Game-Changing Weapons Begin to Flow to Ukraine After NATO Emergency Meeting

AP Photo/Evgeniy Maloletka

On Thursday, NATO held an emergency meeting about Russia’s increasingly horrific and atrocity-filled invasion of Ukraine. However, unlike most NATO meetings, this one was substantive.


For starters, the attendees were not only NATO nations; there were also observers present: the European Union, Sweden, Finland, Georgia, Japan, South Korea, Australia, New Zealand, and Ukraine. If Putin was afraid of being surrounded before, he should take a quick look at his map now (just a reminder that Japan and Russia still have an unresolved border dispute, see Russia conducts military exercises in disputed islands).  As if to validate the stereotype of the Germans being either “at your throat or at your heel,” the German Foreign Minister showed he was definitely at Putin’s heel by leaving early.

The main issue on the table was weaponry. Quantity, quality, and purpose were all concerns. To date, the weaponry supplied to Ukraine has been defensive, and the defensive weaponry has been careful not to tip the balance of power. At best, Ukraine could achieve a Russian withdrawal to February 23 lines in most of the country while going to a 1916-style stalemate in Donbas that would give up an extensive amount of territory and reward Putin’s land grab strategy. It was reminiscent of the Star Trek episode, “A Private Little War.”

Serpents for the Garden of Eden.

To underscore the theme, Ukraine’s Foreign Minister made it very clear what he wanted.


Even as the meeting took place, individual NATO countries, particularly those from the old Warsaw Pact, started to act, leaving the tired German-dominated NATO hierarchy to follow.

Australia had already committed to sending at least 20 of their version of the MRAP, the Bushmaster, to Ukraine.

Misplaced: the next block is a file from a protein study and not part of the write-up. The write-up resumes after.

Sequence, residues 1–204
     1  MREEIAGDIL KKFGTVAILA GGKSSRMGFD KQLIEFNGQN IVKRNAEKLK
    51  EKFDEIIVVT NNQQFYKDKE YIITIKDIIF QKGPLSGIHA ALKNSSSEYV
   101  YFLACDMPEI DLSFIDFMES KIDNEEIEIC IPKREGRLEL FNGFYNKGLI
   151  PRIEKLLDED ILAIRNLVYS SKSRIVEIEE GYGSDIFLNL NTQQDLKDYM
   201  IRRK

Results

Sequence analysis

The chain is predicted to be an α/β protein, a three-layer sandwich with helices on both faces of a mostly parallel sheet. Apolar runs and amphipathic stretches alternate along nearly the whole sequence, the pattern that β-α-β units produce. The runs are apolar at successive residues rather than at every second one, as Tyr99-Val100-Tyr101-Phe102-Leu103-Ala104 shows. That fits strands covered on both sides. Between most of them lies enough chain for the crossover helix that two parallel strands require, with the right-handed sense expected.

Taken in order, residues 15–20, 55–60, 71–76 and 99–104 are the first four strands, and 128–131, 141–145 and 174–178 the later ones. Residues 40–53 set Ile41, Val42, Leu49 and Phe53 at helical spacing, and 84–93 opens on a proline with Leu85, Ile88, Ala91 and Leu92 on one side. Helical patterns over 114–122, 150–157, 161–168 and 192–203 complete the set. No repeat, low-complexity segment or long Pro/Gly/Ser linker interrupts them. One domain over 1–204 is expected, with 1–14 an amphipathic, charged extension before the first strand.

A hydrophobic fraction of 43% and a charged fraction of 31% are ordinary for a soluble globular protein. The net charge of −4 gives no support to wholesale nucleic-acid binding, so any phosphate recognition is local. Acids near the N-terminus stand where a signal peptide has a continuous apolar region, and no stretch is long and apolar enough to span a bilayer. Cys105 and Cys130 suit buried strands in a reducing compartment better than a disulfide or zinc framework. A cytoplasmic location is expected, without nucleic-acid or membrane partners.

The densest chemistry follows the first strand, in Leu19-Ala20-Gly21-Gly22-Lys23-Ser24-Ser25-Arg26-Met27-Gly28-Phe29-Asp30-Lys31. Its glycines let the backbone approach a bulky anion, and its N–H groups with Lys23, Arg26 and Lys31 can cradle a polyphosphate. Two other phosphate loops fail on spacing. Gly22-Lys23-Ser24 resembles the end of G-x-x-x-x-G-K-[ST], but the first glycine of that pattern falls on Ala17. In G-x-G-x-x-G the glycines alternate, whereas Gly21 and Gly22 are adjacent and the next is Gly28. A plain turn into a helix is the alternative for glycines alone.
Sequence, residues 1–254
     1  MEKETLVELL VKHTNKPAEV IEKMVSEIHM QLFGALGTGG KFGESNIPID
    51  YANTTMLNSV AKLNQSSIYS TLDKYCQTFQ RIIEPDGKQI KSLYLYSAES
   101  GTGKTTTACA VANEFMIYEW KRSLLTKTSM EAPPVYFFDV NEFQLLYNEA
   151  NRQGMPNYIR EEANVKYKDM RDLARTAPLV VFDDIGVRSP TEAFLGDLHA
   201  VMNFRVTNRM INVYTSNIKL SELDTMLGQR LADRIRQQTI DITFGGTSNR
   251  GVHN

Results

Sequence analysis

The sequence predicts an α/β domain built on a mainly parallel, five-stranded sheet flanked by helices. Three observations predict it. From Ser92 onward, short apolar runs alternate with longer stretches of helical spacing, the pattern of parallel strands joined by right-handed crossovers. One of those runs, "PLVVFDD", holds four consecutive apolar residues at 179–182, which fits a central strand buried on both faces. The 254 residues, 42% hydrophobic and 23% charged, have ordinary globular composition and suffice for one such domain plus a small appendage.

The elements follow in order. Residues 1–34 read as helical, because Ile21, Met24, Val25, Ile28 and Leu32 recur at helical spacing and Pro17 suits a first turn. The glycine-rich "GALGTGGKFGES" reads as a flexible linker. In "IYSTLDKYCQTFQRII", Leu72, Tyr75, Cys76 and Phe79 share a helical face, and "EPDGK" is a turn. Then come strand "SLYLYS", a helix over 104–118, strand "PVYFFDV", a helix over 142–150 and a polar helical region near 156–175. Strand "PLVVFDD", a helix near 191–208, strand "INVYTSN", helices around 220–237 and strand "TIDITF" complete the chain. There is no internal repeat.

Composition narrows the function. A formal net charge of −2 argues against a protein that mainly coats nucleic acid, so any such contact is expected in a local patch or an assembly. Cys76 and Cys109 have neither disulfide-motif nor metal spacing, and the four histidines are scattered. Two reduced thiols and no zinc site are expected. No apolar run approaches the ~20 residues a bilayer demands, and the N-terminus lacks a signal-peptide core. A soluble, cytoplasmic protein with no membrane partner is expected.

The conference did break a logjam.

This morning, Poland announced it was transferring a large number of modernized T-72 tanks to Ukraine. More importantly, Slovakia is transferring its S-300 surface-to-air missile system to Ukraine.

The S-300 transfer is one battery consisting of four launchers, and it has capabilities roughly comparable to the US Patriot system. It represents 100% of Slovakia’s air defense capability.

Slovakia’s prime minister took the unprecedented step of personally announcing the move.

Prime Minister Heger’s announcement took guts because the idea of Slovakia transferring the S-300 to Ukraine unsettles the Russians enough that they have threatened to attack any attempt to move the system.

The S-300 system is a potential game-changer as 1) the Russian Air Force has shown itself to be monumentally inept at attacking surface-to-air missile sites, and 2) the range of the system allows targets to be engaged shortly after take-off from bases in Belarus and Russia.


The meeting seemed to augur a shift in NATO’s attitude from February. Then there was a feeling of resignation, and sending aid to Ukraine was just throwing good money after bad. Now NATO appears to be working more from the idea that not only can Ukraine win this war but that Vladimir Putin cannot be allowed to walk away looking like anything but a loser. The Prime Minister of Estonia, Kaja Kallas, penned an op-ed for the New York Times last week titled: I’m the Prime Minister of Estonia. Putin Can’t Think He’s Won This War.

To put an end to these horrors, the most optimistic observers have put their hope in a peace deal. But peace is not going to break out tomorrow. We must face up to the fact that the Kremlin’s idea of European and global security is completely at odds with that of the free world. And Vladimir Putin is willing to kill and repress en masse for the sake of it.
At NATO, our focus should be simple: Mr. Putin cannot win this war. He cannot even think he has won, or his appetite will grow. We need to demonstrate the will and commit resources to defend NATO territory. To check Russia’s aggression, we need to put in place a long-term policy of smart containment.

I think she gets this exactly right. Putin’s fear of NATO is not driven by the alliance’s threat to Russia; it is driven by the way the alliance constrains Putin’s imperial ambitions. If Putin is given any face-saving measure in peace negotiations, he will spin that into a win and move on to another victim. And, by the way, don’t delude yourself that any peace in Ukraine is final; it isn’t because Putin and, I believe, Russia does not view Ukraine as a legitimate country, and they will be back for another try at dismembering it (read Kremlin Newspaper and a Putin Confidant Endorse Genocide as Russia’s Final Solution to the Ukraine Problem).


The only way to prevent it is to ensure that Russia knows that Ukraine has parity in weaponry and the people have the courage to fight for their homes.




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